Quick Spins

The Monkees / Live – The Mike & Micky Show

The Monkees

Live – The Mike & Micky Show (Rhino)

Micky Dolenz has often joked about the aging Monkees over the years, saying, “Eventually, there’ll be just one of us touring, billed as The Monkee.” Truth be told, though, Micky Dolenz, Peter Tork, Davy Jones and Mike Nesmith have toured in so many different groupings over the years, that diehard fans don’t find it particularly odd that further shows will only include Micky and Mike. Seems like par for the course, actually.

The Mike & Micky Show chronicles a string of shows done in March of 2019, and it’s one that is sure to please. Micky opens the show with an enthusiastic “Last Train To Clarksville,” followed by Mike’s “Sunny Girlfriend.” Both Monkees are in fine voice, evidenced by the fact that Mike belts out the ringing high notes in the bridge of his “You Just May Be The One,” and Micky still squarely nails the high notes at the end of “Pleasant Valley Sunday.”

Fans are also treated to several neglected Nesmith gems like “You Told Me” from 1967’s brilliant  Headquarters, and “Birth Of An Accidental Hipster,” written for him by Noel Gallagher and Paul Weller for the recent Good Times! long-player.

Also from Good Times! and arguably the highlight of these evening shows, is the beautiful duet between the old friends, which is an absolute master class in harmony vocalizing. These two Monkees have always had a really fine vocal kinship, but here, in the tender ballad, “Me & Magdalena,” it’s nothing short of gorgeous.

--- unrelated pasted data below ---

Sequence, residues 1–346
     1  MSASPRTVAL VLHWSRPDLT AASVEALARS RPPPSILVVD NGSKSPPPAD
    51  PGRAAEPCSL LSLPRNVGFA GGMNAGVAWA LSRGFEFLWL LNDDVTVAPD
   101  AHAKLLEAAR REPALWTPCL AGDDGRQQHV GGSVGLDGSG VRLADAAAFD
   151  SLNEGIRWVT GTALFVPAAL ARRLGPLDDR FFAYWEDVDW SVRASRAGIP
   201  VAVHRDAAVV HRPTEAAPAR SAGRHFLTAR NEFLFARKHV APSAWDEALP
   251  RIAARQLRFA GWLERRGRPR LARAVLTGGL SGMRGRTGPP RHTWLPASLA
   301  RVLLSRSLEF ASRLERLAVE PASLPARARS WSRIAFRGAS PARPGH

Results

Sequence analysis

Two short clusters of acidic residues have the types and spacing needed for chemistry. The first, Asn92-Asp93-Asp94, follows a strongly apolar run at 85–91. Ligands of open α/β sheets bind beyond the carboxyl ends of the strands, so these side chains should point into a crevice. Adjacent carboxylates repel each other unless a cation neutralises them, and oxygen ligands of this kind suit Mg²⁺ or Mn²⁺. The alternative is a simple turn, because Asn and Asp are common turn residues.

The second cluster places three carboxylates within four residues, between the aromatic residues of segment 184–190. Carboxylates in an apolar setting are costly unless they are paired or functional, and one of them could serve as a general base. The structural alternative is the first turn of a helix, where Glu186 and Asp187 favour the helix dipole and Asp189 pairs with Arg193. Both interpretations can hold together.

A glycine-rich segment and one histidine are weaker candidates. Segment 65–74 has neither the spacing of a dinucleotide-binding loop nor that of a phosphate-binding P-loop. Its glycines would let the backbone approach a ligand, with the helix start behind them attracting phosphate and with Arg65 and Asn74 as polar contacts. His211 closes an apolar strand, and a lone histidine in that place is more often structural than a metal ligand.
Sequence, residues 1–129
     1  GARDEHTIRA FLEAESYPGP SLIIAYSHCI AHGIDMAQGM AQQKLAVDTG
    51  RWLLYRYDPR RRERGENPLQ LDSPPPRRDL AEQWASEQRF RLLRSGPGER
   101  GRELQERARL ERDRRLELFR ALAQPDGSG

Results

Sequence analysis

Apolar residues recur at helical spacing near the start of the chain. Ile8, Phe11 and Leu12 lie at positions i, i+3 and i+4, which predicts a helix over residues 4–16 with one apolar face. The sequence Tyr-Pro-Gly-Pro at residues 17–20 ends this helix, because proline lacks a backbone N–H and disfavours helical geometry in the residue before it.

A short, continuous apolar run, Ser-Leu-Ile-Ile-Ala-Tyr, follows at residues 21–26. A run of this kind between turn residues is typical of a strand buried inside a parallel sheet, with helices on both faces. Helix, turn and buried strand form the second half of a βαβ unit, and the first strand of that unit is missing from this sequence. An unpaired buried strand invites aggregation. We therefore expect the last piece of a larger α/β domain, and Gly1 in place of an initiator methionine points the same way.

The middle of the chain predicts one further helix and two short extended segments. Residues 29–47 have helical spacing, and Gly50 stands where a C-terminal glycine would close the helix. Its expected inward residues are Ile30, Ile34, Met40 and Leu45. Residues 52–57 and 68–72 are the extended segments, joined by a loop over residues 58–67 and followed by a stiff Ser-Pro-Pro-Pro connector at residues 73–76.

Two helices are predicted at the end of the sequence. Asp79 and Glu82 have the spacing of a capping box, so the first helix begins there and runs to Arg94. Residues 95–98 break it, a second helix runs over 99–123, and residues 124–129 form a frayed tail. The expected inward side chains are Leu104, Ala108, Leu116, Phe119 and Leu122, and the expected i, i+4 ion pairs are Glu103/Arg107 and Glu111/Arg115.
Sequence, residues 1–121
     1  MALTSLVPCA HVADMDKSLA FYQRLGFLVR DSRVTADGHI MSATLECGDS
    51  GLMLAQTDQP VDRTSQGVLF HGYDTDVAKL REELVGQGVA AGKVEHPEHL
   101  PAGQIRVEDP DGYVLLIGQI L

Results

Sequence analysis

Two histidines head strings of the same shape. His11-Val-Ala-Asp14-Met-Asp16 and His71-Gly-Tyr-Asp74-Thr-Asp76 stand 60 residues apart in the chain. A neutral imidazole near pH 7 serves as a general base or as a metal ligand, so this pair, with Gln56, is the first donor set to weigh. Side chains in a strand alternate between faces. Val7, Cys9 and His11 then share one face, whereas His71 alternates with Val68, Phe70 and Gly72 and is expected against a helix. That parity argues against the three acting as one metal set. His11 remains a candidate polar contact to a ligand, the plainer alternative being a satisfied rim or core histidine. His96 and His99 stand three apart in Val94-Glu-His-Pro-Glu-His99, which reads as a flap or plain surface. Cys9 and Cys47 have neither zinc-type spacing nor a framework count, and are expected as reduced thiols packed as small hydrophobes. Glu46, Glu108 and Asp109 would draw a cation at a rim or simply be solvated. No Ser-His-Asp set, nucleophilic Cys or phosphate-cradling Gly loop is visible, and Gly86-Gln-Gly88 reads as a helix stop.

Fronting a skilled band that includes Mike’s son, Christian, and Micky’s sister, Coco, The Monkees are as strong and smile-inducing as they ever have been. Unlike their initial live album way back when, The Mike & Micky Show’s sound quality is superb. Additionally, it boasts a whopping twenty-five tracks, each as welcome to these ears as the one before it. Highly recommended.


Quick Spins

Stone Temple Pilots / Perdida

Stone Temple Pilots

Perdida (Rhino)

It’s never an easy row to hoe when a new member steps into a band replacing an original member. Vocalist Jeff Gutt has just such a task, having to walk a very narrow line somewhere between his own personal voice and that of Scott Weiland. In my humble opinion, he succeeds on all counts here.

Perdida is a soft, atmospheric affair, fleshed out by acoustic instruments that lend honesty to the songs. “Fare Thee Well” is a lonely, Southern ballad, and stands  confidently amongst the best tunes in STP’s back catalog. “She’s My Queen” is a dreamy love song, buoyed by clouds of hazy background vocals. 

My fave of the set is “Sunburst,” which aims for Abbey Road greatness, and very nearly achieves it. While not everyone might appreciate the band’s new direction, I’m betting they gain far more fans with Perdida than they lose. It’s refreshing to see an established rock band take a risk by shifting gears.